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Court Bolsters Strength of Medical Review Privilege

In an opinion released Tuesday, the Court of Appeals reinforced the difficulty plaintiffs face when asserting claims against hospitals or other medical providers alleging that the provider was negligent in allowing a physician the privilege of practicing at the hospital. In Estate of Ray v. Forgy (Ray IV), the Court reversed a trial court’s order requiring the hospital defendants to produce hundreds of documents relating to the defendant doctor and …Read More

Ethical Pitfalls in Alternative Fee Arrangements Exposed

When a client cannot pay in cash, may an attorney accept other forms of payment such as an equity stake in the client’s business? Isn’t this a classic “win-win” scenario? In a warning for attorneys looking at creative ways to implement alternative fee arrangements, the Court of Appeals held Tuesday that an attorney’s violation of the North Carolina Rules of Professional Conduct can, under appropriate circumstances, relieve a client from …Read More

Need Electronic Court Records? Get a License.

Last week, the Supreme Court held that electronically maintained court records are not subject to the Public Records Act, reversing a unanimous opinion of the Court of Appeals. While the Court’s opinion in LexisNexis Risk Data Mgmt. v. N.C. Administrative Office of the Courts does not protect the records from public disclosure, it requires private parties to enter into a licensing agreement with the Administrative Office of the Courts (AOC) …Read More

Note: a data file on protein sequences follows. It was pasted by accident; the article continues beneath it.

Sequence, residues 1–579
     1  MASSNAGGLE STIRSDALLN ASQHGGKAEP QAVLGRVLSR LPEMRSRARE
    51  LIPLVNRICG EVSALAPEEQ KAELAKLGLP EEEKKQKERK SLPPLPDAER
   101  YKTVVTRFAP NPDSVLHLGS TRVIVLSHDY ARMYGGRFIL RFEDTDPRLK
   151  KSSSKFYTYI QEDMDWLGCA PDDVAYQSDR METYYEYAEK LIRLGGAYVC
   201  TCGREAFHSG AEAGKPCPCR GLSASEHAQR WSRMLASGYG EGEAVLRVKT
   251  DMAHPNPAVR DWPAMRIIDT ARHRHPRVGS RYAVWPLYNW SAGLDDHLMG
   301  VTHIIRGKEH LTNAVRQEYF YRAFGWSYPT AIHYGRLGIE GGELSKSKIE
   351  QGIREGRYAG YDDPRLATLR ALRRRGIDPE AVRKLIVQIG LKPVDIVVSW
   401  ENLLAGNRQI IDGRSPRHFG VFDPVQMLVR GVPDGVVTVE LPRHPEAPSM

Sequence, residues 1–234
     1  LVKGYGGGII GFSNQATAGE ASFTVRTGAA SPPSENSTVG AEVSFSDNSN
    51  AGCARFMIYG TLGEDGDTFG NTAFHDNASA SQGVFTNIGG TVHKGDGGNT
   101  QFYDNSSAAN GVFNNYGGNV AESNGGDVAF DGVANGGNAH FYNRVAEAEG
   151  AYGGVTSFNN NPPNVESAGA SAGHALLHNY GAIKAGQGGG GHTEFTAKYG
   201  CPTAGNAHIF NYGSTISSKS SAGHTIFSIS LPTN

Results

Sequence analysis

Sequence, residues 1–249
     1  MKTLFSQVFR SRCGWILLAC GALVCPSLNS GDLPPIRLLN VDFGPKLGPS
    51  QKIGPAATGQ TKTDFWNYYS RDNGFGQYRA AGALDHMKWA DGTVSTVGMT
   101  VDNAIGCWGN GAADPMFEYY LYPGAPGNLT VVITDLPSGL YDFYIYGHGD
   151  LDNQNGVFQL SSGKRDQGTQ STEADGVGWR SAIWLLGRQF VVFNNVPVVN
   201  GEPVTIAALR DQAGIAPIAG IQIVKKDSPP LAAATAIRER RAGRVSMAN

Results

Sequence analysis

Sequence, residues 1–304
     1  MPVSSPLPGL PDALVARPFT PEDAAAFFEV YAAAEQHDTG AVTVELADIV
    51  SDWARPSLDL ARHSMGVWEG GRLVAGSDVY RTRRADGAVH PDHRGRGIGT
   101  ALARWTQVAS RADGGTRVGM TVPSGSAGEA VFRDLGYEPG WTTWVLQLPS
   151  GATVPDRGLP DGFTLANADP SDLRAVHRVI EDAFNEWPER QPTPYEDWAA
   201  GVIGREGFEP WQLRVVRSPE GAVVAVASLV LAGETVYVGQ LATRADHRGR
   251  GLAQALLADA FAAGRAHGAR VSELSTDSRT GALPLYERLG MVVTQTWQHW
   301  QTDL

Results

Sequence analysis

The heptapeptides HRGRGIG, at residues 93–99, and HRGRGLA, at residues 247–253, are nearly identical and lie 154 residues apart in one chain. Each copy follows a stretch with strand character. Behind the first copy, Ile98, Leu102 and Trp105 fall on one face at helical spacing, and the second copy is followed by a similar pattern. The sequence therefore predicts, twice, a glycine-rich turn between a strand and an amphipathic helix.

Supreme Court Decision Means School Voucher Program Is Likely Here to Stay

In what is sure to fuel an already vigorous political debate, the North Carolina Supreme Court upheld North Carolina’s school voucher program yesterday, dissolving the trial court’s injunction prohibiting disbursement of funds to private and religious schools on behalf of qualified students.  In Hart v. State of North Carolina, the Court ruled that the school voucher legislation was constitutional, stating that “the wisdom of the enactment is a decision for …Read More

When Is the Right Time to Seek a Rule 54(b) Certification?

A split decision of the Court of Appeals Tuesday provides a warning to litigators:  If you plan to take immediate appeal from an order that is final as to some but not all claims or parties under Rule 54(b), you need to speak up and have the certification of “no just reason for delay” included in the order itself.  A subsequent order retroactively certifying the earlier order will not satisfy …Read More

NC Supreme Court to Address whether Auditors Owe Fiduciary Duties to Clients

The North Carolina Supreme Court agreed Friday to review a Court of Appeals decision that raised concerns among North Carolina accountants over their ability to perform independent audits in conformity with applicable professional standards requiring independence and objective, impartial judgment. In Commscope Credit Union v. Butler & Burke, LLP, the Court of Appeals considered a dispute between a credit union (Commscope) and its auditing firm (Butler & Burke). After the …Read More